From this week’s Publishers Weekly:

Sales in Amazon’s North America media group were flat in the second quarter….The e-tailer attributed the results to a decline in video-game and video-game console sales that was offset by gains in books.

The writer/small press owner part of me is not the least bit surprised.

The part of me that mothers three teenage boys is gobsmacked.

Showing 6 comments
  • Cyndi

    So sad but I’m right there too!! I just finished reading
    A Landscape with Dragons and was really “spurred” to keep reading with my kids and keep looking for great books for them to “feed on”, and to really watch what is out there……but as we are on vacation this week, the videogames just draw them in such a strong way……learning how to keep a balance is soooo hard.
    By the way, thanks for your “plain-spoken” words of warning and encouragement in the last session at Williamsburg. It was refreshing to hear what you think and I have taken it to heart!!

  • Jenny Wells

    So are you saying even your classically-educated, sons and grandsons of writers are drawn to the video games? And why isn’t the small press owner surprised? Does this mean there’s hope? Not an either/or? Tell us more!

  • MJ in Georgia

    I wasn’t in Williamsburg! What were your ‘plain-spoken’ words of warning and encouragement?” (see Cyndi’s comment)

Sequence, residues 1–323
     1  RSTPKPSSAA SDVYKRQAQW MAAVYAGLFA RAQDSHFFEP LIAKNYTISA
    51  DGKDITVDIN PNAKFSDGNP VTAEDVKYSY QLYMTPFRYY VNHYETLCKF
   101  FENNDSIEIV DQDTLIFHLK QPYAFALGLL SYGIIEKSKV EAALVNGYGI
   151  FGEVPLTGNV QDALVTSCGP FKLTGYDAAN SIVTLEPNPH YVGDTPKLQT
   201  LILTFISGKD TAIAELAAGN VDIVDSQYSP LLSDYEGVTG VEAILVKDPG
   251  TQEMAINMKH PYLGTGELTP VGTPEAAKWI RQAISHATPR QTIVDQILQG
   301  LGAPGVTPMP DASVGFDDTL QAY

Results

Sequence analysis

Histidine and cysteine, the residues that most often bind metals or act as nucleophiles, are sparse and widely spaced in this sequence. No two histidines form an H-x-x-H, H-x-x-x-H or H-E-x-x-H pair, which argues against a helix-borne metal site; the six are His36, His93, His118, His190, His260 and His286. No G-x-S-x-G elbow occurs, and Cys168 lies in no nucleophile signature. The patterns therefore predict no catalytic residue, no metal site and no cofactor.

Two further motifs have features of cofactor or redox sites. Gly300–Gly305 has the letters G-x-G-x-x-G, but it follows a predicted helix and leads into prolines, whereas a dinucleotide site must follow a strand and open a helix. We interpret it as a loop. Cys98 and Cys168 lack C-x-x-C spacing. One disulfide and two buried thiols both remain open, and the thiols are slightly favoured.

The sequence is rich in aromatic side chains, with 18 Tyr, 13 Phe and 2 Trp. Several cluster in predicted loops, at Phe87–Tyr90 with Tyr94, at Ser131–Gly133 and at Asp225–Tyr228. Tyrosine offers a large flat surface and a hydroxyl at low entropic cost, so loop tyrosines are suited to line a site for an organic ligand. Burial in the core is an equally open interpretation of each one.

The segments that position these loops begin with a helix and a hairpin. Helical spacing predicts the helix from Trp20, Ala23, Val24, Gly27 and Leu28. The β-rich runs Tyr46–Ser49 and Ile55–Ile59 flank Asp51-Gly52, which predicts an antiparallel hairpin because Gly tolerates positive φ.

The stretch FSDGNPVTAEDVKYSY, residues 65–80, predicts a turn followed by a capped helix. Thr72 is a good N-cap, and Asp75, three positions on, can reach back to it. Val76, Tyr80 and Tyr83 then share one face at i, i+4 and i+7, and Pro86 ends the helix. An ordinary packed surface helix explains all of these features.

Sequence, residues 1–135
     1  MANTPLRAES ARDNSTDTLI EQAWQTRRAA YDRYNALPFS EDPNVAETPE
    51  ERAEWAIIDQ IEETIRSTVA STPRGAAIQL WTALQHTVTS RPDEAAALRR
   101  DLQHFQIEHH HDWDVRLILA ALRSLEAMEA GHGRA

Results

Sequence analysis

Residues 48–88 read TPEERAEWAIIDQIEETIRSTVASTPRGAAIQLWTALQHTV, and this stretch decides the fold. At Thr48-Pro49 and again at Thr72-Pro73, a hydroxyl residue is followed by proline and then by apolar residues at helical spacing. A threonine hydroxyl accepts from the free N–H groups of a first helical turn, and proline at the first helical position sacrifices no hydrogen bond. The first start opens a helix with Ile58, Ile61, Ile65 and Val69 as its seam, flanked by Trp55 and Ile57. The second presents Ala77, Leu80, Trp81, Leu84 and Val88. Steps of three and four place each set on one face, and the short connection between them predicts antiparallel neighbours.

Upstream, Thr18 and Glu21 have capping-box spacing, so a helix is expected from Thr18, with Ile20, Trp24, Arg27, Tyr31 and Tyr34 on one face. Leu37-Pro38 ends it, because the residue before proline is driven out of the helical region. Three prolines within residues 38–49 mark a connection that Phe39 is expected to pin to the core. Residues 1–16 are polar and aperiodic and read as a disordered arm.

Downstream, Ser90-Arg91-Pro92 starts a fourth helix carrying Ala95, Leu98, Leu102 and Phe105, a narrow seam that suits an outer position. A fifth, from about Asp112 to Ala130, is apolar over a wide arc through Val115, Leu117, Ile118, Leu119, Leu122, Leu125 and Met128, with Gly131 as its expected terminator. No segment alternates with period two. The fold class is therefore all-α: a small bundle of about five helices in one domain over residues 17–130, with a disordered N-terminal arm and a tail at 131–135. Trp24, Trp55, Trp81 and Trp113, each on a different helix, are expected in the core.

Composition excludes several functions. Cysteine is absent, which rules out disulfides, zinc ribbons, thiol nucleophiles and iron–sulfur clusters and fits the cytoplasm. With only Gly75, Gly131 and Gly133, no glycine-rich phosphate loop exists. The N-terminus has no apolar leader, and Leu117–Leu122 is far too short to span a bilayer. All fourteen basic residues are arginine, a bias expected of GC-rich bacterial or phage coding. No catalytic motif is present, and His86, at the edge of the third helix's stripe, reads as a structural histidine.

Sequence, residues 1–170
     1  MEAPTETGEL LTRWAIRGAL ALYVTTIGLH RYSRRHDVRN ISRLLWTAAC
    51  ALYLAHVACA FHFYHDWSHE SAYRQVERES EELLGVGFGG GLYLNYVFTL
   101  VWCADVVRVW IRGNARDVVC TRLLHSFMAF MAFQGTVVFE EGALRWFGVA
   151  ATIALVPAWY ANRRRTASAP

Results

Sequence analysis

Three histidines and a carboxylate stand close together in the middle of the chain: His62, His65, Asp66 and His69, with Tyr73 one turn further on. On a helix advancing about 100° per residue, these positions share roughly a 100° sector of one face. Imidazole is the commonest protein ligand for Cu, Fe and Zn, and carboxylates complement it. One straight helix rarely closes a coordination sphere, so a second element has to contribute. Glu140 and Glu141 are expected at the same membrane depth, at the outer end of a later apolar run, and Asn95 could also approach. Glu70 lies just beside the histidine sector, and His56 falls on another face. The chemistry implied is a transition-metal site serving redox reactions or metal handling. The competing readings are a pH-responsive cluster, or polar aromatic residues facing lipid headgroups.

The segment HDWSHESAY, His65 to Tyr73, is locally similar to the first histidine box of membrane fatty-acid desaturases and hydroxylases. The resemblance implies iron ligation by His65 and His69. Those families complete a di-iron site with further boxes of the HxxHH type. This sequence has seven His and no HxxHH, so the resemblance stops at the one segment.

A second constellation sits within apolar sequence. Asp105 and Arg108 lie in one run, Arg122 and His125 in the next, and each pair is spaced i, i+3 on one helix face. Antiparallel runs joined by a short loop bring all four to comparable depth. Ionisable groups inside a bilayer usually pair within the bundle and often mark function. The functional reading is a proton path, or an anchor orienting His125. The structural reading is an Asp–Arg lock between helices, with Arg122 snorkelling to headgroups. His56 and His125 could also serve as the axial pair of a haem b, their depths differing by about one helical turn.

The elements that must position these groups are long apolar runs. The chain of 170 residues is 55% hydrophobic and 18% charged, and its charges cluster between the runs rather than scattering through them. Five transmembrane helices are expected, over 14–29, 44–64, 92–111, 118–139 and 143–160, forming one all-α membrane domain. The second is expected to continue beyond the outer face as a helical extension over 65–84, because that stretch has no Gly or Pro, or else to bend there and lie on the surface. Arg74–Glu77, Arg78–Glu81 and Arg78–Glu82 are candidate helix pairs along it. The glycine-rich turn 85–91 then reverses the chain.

Also, are you still trying to go to bed earlier? (remember, “Go to bed earlier, lose weight”) I don’t think I’ve lost any weight, but then again, it’s 12:37 a.m. and I’m on the computer, no wonder!

  • Maria

    Hi Susan,
    Um . . . definition, please?

  • Sebastian (a lady)

    I think that on balance, it is far easier to justify not buying video games and easier to justify buying books. Books still maintain a virtue that a video game does not. And it might not be an movement from video games to books. It might be a lessening of sales on video games and a movement of spending from a category like movie visits to books.
    Even at the (to my mind) high cost of a book (it is hard to spend $8 on a paperback when I remember spending $2-3 as a teen), it is a bargain when compared to the cost of movie tickets and popcorn/drinks. That buys a lot of books that can be enjoyed more than once, passed around and finally swapped somewhere for a new read. Feels very thrifty and virtuous.

  • Sebastian (a lady)

    Ah, one more thought. It may also be a matter of brick and morter retailers having better prices on gaming items. I’ve not seen that Amazon has the steep discount in this area that they do in books. So this might be an Amazon thing, rather than an actual shift in consumer spending.

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